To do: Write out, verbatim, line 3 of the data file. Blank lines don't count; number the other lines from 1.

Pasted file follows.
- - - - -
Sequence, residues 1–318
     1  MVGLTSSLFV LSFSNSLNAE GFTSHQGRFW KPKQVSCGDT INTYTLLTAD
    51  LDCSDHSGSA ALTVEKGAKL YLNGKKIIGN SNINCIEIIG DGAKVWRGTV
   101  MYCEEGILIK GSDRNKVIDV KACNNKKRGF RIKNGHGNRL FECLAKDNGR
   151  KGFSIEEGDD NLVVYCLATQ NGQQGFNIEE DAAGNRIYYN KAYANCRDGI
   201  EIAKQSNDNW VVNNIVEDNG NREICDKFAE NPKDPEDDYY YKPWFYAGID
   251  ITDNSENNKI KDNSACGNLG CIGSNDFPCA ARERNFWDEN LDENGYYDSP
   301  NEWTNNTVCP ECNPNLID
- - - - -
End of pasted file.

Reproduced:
    51  LDCSDHSGSA ALTVEKGAKL YLNGKKIIGN SNINCIEIIG DGAKVWRGTV